[Spotlight] Lifting capability to deliver and use open data
By Paul Stone, IWG Co-Chair (2018–2021)
A big part of opening up data is a cultural shift. But it’s not just about culture, new technical knowledge and skills are required to actually make it happen. The great thing is though, these new capabilities are applicable to more than just open data.
Interoperability is quite a mouthful of a word, but it seems to be making a comeback in the world of tech buzzwords. Why? Because the world is waking up (and perhaps partly accelerated by responses to COVID-19) to the fact that collaborating over data can lead to some innovative and impactful new ways of delivering services or solving problems. To collaborate you need to be interoperable. Systems need to talk to each other and data needs to be shared and merged effortlessly.
What has interoperability got to do with delivering open data? Everything! Delivering quality open and reusable data requires the application of open standards:
- machine-readable data in open data formats (such as CSV, XML, JSON, RDF, GeoJSON, Shape Files etc.);
- content conforming to data standards for consistency and comparable values (such as in addresses, gender, ethnicity, date of birth etc.);
- Open API’s using non-proprietary commands and queries so that any system or person querying can know how to interact;
- Open metadata standards to help systems and people discover, understand and use your data appropriately.
In order to create the maximum opportunity for people and organisations to collaborate, we need to apply open standards at all levels. Therefore, if your organisation has the knowledge and skills to deliver open data, it’s also well equipped to collaborate with partners through interoperable systems and processes.
This is why the ODC´s April Implementation Working Group meeting was so valuable. Sharing knowledge and experiences in releasing and using open data has the bonus of equipping our governments to be more interoperable and able to collaborate in the digital economy.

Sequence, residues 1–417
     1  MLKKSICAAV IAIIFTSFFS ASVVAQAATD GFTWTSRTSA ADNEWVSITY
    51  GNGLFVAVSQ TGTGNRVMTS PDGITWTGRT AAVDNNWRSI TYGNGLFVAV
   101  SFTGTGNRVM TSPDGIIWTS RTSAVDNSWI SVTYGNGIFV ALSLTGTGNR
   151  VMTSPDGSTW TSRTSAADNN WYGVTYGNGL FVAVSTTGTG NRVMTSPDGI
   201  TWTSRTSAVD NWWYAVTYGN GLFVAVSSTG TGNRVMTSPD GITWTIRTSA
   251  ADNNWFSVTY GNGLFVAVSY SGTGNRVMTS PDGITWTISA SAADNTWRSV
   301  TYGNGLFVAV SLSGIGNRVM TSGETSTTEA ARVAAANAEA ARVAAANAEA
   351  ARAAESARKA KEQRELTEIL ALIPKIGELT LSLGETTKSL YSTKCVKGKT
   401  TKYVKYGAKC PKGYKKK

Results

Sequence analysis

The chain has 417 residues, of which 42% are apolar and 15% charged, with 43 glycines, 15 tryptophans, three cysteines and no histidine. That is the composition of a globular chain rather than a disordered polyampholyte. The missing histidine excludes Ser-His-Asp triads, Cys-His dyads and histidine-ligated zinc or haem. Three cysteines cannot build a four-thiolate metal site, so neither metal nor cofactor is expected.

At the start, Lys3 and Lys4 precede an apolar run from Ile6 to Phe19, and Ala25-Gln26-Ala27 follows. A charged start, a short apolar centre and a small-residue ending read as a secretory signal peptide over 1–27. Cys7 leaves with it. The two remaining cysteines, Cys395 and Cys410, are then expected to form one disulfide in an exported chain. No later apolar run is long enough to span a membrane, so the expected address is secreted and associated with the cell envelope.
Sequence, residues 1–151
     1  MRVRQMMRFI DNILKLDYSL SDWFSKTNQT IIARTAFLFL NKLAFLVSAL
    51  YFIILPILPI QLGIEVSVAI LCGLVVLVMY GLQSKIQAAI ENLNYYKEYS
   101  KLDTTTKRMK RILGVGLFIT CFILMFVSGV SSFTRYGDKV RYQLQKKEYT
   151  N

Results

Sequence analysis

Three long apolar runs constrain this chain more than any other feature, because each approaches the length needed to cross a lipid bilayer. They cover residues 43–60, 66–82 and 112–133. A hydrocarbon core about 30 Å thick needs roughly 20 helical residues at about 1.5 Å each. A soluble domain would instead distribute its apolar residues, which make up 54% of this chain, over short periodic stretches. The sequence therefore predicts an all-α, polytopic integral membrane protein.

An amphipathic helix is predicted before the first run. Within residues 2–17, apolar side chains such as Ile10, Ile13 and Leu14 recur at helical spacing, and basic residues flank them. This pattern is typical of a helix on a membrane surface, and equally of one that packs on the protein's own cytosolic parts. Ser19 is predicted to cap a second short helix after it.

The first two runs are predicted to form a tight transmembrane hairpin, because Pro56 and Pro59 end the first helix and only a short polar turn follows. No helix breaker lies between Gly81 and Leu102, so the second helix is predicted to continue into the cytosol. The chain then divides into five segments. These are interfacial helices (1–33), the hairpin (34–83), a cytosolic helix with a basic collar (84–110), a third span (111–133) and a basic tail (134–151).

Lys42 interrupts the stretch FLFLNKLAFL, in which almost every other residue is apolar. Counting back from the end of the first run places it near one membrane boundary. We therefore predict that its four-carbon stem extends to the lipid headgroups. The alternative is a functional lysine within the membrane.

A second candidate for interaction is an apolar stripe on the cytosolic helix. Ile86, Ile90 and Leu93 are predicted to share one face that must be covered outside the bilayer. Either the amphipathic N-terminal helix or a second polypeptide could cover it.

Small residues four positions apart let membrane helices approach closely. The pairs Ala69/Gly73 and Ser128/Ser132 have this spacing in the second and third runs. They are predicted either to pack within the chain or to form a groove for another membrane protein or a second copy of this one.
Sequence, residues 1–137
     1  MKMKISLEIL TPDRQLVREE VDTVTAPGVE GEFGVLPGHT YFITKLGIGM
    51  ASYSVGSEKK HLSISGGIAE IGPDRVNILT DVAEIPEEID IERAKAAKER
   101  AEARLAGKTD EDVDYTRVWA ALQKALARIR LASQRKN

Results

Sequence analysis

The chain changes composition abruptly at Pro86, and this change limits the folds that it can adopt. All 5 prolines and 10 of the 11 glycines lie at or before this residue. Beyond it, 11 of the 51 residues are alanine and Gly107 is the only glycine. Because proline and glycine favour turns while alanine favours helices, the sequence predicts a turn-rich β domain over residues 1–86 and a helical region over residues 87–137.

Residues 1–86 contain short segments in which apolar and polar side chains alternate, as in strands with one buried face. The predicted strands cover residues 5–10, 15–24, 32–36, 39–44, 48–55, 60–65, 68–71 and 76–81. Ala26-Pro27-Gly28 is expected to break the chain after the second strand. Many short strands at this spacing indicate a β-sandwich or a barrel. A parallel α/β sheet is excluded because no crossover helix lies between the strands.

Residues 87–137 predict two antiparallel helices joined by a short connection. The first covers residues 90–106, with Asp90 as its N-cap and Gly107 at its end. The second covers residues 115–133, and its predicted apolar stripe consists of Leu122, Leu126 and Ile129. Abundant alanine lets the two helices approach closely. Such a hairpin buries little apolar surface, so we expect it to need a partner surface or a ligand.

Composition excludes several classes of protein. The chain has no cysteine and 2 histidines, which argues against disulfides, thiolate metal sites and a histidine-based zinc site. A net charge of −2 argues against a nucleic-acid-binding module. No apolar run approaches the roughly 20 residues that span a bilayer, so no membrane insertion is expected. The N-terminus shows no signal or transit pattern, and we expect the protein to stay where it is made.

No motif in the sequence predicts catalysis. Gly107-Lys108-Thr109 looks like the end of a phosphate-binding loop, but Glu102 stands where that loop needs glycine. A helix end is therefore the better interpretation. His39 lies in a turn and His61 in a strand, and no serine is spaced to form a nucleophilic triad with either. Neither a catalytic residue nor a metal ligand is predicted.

Lifting the capability to release and use open data requires trying multiple approaches. It was fantastic to hear in our meeting from both a government and non-governmental organisations what they were doing to support the development of of open data capabilities
Engaging our youth
First, we heard from Karl Donert of EUROGEO, a non-profit subject association established by the European Commission in 1979, who is a new member of the Open Data Charter community. Their projects have been either targeted networking or research projects in education, connected with Geography and the use of geographical information. A highlight has been their work on the YouthMetre project to support youth (young people aged 18–30) to participate in policy making and democratic engagement. Eurobarometer surveys showed that youth had become increasingly less likely to get involved in actions and policies that concern them, so the project sought to engage youth through open data on different aspects and geographies of the European Union.
The project carried out a study of what valuable open European datasets were available.The YouthMetre created visualisations of the data based on a series of dialogues, research and training with youth in 15 countries across Europe, culminating in an event organised with European politicians. The young people showcased the main indicators of youth policy that were most important for them.
From this, the project created a youth development index based on 87 indicators they said were most important. This index identifies regions where young people are well catered for and those which do not. The purpose of YouthMetre was to train young people to use the open data to challenge policy decisions, propose evidence-based alternatives so that they can make their voices heard about the policies that concern them most and establish dialogue with policymakers. The Geocitizen app, created by Z-GIS at the University of Salzburg, Austria, was used to help share ideas for policy and connect to policy makers.